The Past Ain’t What It Used to Be

Times are bad. Children no longer obey their parents, and everyone is writing a book.” ― Marcus Tullius Cicero

You kids get off my lawn!

Or everyone is writing a blog (ahem).  How often have you heard the lament that children no longer obey their parents?  Apparently, things have been deteriorating since around 100 BC.  There must have been some idyllic period over two thousand years ago, at least, where parents enjoyed compliant offspring.

Or probably not.

It’s really an example on how we tend to idealize the past.  The same is true in the workforce.  I am always amazed by people who view the recent turbulent decade of change and transformation as an aberration – that soon things will return to ‘normal’.  This underlying expectation of upcoming stability is often used by leaders to get buy-in for accepting changes.  It is a disservice to people to encourage the belief that rapid, multiple changes are an exception.  There is very little evidence to suggest change will slow down – in fact quite the opposite.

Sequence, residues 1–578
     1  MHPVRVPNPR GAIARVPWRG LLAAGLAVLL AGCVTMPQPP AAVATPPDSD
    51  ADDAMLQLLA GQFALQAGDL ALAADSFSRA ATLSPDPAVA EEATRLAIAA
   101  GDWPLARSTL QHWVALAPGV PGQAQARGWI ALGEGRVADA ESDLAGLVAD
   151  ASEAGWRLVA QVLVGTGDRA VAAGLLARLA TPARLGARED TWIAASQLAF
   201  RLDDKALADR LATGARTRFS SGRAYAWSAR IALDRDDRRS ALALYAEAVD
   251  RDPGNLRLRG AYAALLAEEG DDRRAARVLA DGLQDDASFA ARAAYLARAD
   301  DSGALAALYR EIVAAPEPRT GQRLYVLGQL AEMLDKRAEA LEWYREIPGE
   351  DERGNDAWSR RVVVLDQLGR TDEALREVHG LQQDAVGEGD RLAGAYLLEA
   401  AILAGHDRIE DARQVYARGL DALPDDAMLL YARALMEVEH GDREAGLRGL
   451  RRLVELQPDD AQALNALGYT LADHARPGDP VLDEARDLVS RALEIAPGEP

We do the same disservice to children.  The emphasis of education, particularly post secondary education, is that what you study will lead to a job in that field.  How often does that happen when one graduates?  How many people are doing the same job they were ten years ago?  Most of the jobs elementary school children will occupy in the future have not even been invented.

Flexible, thinking, independent people are needed.  But they can only be led, not managed.

My apologies to Cicero. But I could not resist.

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